Crypto Mining Farm discovered in Russia’s oldest prison – Mining Bitcoin News

Russian law enforcement is investigating a cryptocurrency operation in Butyrka, Russia’s oldest prison. A deputy chief was accused of stealing electricity to mint digital coins with the help of unidentified accomplices.

Deputy Inspector suspected of mining cryptocurrency in the Moscow prison

A senior representative of the management of the Butyrskaya prison in central Moscow’s Tverskoy district is under investigation to establish a crypto mine operation. Also known as Butyrka, it is Russia’s oldest prison, built as far back as 1771.

The execution equipment was found in a psychiatric clinic run by the prison’s federal prison service. The Russian Federation’s investigative committee is currently investigating one of the deputy directors for possible abuse of power, the business newspaper Kommersant reported this week.

Investigators have so far determined that the official, along with his as yet unidentified accomplices, installed the mining equipment in November 2021. The rigs were extracting the cryptocurrency until February this year.

During this period, the machines consumed almost 8,400 kW of electricity paid for by the government at a total cost of more than 62,000 rubles (almost $ 1,000). For this, the sub-prefect is accused of “actions that clearly go beyond his powers and thus significantly violate the legally protected interests of society or the state”.

Crypto-mining with subsidized and sometimes stolen electricity has become an attractive source of additional revenue for many Russians. Regions such as Krasnoyarsk Krai and Irkutsk Oblast, which have historically maintained low electricity prices for the population and public institutions, have become hotspots for unauthorized activity.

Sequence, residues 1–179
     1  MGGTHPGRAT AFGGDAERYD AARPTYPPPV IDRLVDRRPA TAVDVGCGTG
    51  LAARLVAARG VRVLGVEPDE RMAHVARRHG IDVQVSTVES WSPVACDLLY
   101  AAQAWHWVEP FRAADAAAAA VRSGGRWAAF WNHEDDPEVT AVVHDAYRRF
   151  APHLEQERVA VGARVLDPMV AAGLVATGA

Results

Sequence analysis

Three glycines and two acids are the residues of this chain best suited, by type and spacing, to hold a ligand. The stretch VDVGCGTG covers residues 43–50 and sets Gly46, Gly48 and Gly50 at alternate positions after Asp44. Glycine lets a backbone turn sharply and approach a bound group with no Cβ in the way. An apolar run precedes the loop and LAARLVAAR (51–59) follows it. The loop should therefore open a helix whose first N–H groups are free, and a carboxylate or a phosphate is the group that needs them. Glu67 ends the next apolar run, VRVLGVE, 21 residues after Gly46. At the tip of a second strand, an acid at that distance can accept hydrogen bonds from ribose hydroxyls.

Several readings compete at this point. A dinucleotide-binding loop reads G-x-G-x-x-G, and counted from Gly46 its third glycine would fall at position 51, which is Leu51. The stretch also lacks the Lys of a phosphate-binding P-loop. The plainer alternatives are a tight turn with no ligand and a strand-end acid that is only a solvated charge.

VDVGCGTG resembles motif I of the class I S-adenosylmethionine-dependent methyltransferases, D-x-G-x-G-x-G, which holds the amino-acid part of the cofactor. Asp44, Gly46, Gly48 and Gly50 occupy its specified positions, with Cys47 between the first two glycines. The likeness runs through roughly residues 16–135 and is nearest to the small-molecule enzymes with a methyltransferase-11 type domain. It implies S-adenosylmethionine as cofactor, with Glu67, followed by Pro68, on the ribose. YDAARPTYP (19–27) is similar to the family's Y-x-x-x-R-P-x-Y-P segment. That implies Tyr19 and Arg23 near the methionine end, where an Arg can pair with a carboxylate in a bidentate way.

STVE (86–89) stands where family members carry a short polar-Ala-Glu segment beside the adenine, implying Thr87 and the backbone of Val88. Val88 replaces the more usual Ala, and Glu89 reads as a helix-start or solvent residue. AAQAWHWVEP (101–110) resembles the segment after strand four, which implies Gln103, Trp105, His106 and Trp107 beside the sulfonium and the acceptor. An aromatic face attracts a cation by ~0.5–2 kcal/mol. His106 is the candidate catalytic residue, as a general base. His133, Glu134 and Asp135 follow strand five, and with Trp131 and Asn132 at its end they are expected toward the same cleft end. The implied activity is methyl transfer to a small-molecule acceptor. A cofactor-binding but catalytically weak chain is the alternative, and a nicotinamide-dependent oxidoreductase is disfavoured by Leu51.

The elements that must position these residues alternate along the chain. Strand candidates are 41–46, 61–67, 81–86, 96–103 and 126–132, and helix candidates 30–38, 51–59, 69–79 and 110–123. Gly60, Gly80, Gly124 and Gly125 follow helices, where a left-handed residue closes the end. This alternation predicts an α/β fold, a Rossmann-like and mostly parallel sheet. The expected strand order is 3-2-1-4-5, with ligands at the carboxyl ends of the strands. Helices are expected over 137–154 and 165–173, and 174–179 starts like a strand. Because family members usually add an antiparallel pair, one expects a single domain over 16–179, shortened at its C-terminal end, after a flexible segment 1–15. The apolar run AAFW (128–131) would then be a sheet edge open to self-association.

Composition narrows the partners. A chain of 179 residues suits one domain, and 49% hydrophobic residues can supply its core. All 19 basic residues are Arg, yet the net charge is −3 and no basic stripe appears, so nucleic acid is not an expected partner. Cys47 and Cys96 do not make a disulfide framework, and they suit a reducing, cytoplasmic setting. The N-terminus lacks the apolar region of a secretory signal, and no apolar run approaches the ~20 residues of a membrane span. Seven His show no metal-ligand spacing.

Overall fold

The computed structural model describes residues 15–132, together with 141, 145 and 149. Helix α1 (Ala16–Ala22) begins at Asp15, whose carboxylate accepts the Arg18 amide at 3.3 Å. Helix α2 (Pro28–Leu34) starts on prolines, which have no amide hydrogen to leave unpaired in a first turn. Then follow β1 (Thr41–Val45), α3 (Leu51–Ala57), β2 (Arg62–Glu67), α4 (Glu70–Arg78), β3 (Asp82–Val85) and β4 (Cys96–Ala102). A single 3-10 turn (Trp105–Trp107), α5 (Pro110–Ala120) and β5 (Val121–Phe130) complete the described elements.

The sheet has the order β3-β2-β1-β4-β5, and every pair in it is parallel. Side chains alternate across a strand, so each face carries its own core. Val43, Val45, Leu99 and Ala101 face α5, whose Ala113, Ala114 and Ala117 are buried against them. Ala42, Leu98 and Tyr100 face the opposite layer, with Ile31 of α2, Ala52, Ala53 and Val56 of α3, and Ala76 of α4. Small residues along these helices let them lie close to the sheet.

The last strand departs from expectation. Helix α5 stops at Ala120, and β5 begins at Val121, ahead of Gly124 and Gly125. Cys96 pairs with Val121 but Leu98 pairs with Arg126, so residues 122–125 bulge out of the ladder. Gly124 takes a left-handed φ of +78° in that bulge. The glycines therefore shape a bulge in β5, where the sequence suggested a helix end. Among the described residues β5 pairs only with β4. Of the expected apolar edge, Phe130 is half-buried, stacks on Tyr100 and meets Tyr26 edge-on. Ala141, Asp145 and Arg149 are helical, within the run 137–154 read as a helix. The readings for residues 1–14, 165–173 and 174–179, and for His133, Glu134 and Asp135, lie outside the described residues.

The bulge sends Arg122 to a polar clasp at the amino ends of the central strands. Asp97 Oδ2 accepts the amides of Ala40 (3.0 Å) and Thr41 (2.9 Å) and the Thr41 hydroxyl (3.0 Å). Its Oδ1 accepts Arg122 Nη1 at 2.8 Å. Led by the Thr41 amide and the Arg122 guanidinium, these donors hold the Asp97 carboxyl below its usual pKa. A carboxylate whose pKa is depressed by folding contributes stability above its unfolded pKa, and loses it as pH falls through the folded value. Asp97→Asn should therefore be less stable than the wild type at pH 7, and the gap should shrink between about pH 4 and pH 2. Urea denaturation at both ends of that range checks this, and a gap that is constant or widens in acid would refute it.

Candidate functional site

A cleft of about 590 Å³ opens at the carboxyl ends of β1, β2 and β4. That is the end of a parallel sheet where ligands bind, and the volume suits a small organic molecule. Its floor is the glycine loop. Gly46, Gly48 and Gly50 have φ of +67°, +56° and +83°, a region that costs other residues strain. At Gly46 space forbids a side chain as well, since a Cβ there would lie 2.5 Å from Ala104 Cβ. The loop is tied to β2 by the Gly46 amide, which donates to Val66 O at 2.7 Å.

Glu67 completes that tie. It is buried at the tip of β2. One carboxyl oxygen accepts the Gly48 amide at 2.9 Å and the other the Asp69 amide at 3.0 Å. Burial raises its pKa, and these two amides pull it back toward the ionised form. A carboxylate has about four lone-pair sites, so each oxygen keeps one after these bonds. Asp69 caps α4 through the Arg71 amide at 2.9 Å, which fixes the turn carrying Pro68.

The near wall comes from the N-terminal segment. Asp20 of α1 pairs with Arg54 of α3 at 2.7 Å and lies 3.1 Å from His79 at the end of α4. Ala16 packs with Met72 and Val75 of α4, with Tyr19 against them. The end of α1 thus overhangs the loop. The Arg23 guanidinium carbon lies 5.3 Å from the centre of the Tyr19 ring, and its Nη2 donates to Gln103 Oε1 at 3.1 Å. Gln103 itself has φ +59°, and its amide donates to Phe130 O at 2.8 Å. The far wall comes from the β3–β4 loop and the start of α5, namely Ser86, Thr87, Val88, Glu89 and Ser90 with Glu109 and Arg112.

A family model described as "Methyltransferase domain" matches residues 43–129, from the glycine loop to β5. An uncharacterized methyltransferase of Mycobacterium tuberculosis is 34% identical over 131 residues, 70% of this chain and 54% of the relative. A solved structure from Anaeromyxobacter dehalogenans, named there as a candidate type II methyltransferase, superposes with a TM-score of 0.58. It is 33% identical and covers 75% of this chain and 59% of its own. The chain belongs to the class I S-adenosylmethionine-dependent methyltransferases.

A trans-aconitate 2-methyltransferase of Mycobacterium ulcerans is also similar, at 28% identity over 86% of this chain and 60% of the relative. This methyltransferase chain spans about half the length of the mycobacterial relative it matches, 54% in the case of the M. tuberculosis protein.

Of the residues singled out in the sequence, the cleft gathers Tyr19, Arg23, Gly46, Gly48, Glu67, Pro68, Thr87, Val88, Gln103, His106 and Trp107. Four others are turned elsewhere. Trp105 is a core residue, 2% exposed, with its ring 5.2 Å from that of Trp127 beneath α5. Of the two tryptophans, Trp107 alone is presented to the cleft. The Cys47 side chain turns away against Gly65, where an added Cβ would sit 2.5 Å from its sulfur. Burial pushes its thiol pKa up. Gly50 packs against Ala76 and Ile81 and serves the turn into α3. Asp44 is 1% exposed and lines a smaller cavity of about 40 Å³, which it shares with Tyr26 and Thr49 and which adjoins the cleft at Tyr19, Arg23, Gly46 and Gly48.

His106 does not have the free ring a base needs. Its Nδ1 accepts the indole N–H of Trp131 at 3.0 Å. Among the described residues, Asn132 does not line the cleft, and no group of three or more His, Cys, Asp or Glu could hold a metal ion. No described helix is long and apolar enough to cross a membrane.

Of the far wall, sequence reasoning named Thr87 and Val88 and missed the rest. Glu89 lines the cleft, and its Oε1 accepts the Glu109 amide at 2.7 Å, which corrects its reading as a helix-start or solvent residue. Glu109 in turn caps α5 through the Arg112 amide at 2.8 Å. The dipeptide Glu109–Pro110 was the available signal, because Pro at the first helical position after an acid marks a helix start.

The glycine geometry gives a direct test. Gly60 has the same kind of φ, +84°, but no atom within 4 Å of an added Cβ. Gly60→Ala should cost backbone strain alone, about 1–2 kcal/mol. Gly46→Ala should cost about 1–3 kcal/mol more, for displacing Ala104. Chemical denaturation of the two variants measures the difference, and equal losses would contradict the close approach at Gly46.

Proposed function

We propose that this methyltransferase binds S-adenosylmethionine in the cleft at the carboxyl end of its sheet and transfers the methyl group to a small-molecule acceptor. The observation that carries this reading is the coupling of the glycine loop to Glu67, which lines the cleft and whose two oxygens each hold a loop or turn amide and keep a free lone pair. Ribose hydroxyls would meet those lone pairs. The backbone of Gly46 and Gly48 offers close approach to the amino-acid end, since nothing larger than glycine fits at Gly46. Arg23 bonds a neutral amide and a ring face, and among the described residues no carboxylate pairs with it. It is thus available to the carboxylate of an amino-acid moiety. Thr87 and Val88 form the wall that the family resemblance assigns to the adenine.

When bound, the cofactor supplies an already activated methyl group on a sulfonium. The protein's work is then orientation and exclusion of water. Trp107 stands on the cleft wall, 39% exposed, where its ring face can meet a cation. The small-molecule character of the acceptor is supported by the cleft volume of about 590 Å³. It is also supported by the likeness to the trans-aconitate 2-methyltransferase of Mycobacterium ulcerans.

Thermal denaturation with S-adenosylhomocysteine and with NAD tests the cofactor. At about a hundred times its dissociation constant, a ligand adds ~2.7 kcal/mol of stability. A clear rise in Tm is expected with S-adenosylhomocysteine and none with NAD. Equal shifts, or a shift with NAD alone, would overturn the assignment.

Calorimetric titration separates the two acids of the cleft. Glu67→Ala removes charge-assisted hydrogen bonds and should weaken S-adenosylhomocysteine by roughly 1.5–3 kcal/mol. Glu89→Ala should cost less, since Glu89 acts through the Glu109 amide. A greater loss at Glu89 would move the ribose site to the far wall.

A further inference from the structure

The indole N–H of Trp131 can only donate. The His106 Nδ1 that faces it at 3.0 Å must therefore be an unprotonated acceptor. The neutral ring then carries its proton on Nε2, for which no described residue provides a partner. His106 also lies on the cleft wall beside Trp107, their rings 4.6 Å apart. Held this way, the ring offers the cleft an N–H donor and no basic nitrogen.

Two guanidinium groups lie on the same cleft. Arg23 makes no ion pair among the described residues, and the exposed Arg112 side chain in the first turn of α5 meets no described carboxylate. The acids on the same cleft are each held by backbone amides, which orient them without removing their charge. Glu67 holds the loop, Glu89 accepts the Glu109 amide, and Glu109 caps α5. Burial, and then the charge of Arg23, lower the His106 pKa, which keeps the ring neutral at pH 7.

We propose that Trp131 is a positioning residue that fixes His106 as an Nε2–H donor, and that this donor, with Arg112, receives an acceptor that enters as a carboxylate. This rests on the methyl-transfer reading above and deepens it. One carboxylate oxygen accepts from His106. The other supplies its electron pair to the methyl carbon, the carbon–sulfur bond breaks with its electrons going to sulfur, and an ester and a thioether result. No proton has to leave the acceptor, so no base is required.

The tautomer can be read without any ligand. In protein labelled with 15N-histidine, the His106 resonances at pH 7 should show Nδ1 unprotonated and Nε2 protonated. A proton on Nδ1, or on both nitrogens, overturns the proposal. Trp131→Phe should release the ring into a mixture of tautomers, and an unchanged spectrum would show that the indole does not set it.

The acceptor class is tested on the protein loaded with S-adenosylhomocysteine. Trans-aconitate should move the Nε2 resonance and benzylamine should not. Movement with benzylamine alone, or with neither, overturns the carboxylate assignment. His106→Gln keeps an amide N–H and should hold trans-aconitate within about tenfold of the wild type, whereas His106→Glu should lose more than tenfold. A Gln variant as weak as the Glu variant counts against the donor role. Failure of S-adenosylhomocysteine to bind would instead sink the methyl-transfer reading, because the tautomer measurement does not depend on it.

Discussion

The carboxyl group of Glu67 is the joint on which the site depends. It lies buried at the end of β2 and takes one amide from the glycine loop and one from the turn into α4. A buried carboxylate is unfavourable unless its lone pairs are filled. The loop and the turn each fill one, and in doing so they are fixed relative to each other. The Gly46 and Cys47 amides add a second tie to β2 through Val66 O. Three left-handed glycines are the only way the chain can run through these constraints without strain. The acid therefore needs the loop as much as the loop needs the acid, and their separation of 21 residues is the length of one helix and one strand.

Illegal miners have been accused of frequent power outages and power outages, especially in residential areas where the electricity grid is unable to handle excessive loads. To address the phenomenon, the Russian Antimonopoly Agency recently proposed the introduction of higher electricity tariffs for home-based crypto-workers.

Raids have been carried out against underground mining across the country, with law enforcement recently seizing more than 1,500 mining rigs from two illegal cryptocurrency farms in Dagestan. One of them minted cryptocurrency at a pumping station at the Russian Republic’s water supply service.

Keywords in this story

Butyrka, Butyrskaya prison, Crypto, cryptopharm, cryptocurrencies, cryptocurrencies, cryptocurrencies, cryptocurrencies, illegal, miners, mining, Moscow, prison, prison, Russia, Russian, guard

What do you think will happen to the Russian prison official accused of illegal cryptocurrency mining? Tell us in the comments section below.

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Lubomir Tassev

Lubomir Tassev is a technically savvy Eastern European journalist who loves Hitchens’ quote: “Being a writer is who I am, rather than what I do.” In addition to crypto, blockchain and fintech, international politics and economics are two other sources of inspiration.

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